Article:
Postgres Pro Standard for Azure

Microsoft Azure VM with Postgres Pro Standard Quick Start Guide

Internet access and valid Microsoft Azure account are required to use Postgres Pro 9.6/10/11 database in Microsoft Azure cloud.

Postgres Pro 9.6/10/11 virtual machine (VM) image is available in Microsoft Azure Marketplace.

Software required for installation:

  • Azure CLI 2.0 for cloud management
  • 'psql' or 'Pgadmin' for database connection

Azure CLI 2.0 is a cross-platform command line utility.

Azure Portal https://portal.azure.com or Azure PowerShell can be used as well.

Azure CLI 2.0 Installation guide: https://docs.microsoft.com/en-us/cli/azure/install-azure-cli

Azure CLI 2.0 Get started guide: https://docs.microsoft.com/en-us/cli/azure/get-started-with-azure-cli

Azure CLI 2.0 Command reference guide: https://docs.microsoft.com/en-us/cli/azure

Azure Linux Virtual Machine Installation guide: https://docs.microsoft.com/en-us/azure/virtual-machines/linux

Azure Backup Documentation: https://docs.microsoft.com/en-us/azure/backup/

 

Connection to Azure and environment check

  • Connect to Microsoft Azure with:
az login

or

az login --username <myusername>
  • Set Azure CLI 2.0 commands table format output:
az configure --output table
  • Verify Azure CLI 2.0 version (should be 2.0.71 or higher):
az --version | head -1
  • Make sure required services Microsoft.Storage, Microsoft.Compute and Microsoft.Network are registered:
az provider show --namespace Microsoft.Storage
az provider show --namespace Microsoft.Compute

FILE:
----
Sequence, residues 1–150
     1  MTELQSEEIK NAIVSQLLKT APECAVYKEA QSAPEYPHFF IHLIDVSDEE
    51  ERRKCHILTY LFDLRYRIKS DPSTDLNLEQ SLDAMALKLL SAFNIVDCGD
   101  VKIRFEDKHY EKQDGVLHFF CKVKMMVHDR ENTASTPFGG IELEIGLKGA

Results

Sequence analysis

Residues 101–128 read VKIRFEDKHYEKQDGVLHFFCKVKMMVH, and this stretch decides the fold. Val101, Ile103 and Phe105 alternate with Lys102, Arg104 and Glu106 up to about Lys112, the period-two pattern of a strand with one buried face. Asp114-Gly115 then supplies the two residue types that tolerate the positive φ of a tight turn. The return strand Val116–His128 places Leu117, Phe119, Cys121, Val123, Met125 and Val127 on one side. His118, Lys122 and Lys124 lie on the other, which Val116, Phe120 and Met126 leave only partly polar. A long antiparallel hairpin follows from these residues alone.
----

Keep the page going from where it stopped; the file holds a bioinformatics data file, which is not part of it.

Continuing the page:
az provider show --namespace Microsoft.Network
  • If not, register them:
az provider register --namespace Microsoft.Storage
az provider register --namespace Microsoft.Compute
az provider register --namespace Microsoft.Network
  • A list of locations for VM:
az account list-locations

‘northeurope’ location will be used further.

  • A list of available VM sizes in ‘northeurope’ location:
az vm list-sizes --location northeurope

‘Standard_DS1_v2’ VM size will be used further (available for ‘Free Trial’ subscription).

  • Obtain publisher name of VM Postgres Pro image in Microsoft Azure Marketplace for ‘northeurope’ location:
az vm image list-publishers \
--location northeurope \
--query "[?starts_with(name,'postgres')].{Name:name}"

‘postgres-pro’ VM publisher name will be used further.

  • Obtain VM Postgres Pro image names available in Microsoft Azure Marketplace for ‘postgres-pro’ publisher in ‘northeurope’ location:
az vm image list \
--publisher postgres-pro \
--location northeurope \
--all \
--query "[?contains(urn,'standard')].{Urn:urn}"
  • The following VM image name will be used further:
urn_id='postgres-pro:postgres-pro-standard:std-9_6_15-centos-7_6_20190814-byol:96.15.2'
or
urn_id='postgres-pro:postgres-pro-standard-10:std-10_10-centos-7_6_20190813-byol:10.10.2'
or
urn_id='postgres-pro:postgres-pro-standard-11:std-11_5-centos-7_6_20190812-byol:11.5.4'
  • Configure VM programmatic deployment:
az vm image accept-terms --urn $urn_id
  • Create a pair of private/public ssh-keys in ~/.ssh directory to connect to VM:
ssh-keygen -t rsa -b 2048

 

VM creation

  • Create resource group:
az group create \
--name myresourcegroup \
--location northeurope
  • Create VM from VM image available in Microsoft Azure Marketplace:
az vm create \
--name myvm-std-xx \
--resource-group myresourcegroup \
--image $urn_id \
--location northeurope \
--size Standard_DS1_v2 \
--ssh-key-value ~/.ssh/id_rsa.pub \
--admin-username azureuser \
--authentication-type ssh \
--public-ip-address-dns-name myvm-std-xx-dnsname \
--os-disk-name myvm-std-xx-osdisk

Replace ‘xx’ by '01', '02', '03’ and so on.

 

Connection to VM

As a result VM is created with FQDN of ‘myvm-std-xx-dnsname.northeurope.cloudapp.azure.com’ (FQDN is a combination of short DNS-name used during VM creation, location name and ‘cloudapp.azure.com’) and OS-account of ‘azureuser’ (by default with ‘sudo’ permissions)

  • Connect to VM:
ssh azureuser@myvm-std-xx-dnsname.northeurope.cloudapp.azure.com

Replace ‘xx’ by '01', '02', '03’ and so on.

 

Postgres Pro database service status

  • Verify Postgres Pro database service status:
sudo systemctl -l status postgrespro-9.6.service
or